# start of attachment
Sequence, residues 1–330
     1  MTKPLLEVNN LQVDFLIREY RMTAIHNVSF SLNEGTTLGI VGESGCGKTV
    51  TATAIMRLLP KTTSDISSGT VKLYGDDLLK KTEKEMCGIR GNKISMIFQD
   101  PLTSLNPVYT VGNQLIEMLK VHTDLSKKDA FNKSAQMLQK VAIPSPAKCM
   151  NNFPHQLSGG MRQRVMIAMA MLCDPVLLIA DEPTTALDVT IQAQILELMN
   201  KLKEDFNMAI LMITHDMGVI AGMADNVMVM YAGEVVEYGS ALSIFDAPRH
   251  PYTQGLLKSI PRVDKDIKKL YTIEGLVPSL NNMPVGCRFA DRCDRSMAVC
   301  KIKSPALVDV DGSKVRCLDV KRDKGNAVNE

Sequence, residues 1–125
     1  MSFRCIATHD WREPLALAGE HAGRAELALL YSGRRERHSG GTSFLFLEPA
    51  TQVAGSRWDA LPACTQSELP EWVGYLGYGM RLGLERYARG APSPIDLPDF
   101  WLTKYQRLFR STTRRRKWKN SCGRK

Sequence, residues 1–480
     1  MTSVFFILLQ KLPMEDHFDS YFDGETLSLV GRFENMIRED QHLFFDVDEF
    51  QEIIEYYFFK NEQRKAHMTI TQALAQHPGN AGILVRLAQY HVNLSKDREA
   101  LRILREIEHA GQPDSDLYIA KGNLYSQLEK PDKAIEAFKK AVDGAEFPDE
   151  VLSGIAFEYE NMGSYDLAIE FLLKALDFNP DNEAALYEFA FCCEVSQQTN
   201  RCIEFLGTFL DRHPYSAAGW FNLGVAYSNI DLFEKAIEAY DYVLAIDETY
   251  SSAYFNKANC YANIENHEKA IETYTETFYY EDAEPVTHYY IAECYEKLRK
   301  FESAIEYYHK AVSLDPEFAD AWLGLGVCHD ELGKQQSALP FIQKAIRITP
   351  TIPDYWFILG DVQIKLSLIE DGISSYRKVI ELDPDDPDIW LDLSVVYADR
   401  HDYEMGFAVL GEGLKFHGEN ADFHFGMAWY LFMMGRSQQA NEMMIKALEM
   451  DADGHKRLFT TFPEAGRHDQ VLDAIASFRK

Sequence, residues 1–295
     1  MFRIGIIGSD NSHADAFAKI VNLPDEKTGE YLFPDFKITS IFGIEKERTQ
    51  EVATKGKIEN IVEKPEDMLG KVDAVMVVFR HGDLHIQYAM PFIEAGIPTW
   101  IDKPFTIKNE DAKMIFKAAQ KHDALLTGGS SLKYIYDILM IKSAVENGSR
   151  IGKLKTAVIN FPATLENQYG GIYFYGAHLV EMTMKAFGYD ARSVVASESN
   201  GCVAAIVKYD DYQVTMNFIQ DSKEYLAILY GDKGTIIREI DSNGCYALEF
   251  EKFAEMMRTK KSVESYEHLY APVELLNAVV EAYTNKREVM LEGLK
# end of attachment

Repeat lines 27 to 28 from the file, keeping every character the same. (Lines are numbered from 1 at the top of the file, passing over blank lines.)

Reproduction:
   101  IDKPFTIKNE DAKMIFKAAQ KHDALLTGGS SLKYIYDILM IKSAVENGSR
   151  IGKLKTAVIN FPATLENQYG GIYFYGAHLV EMTMKAFGYD ARSVVASESN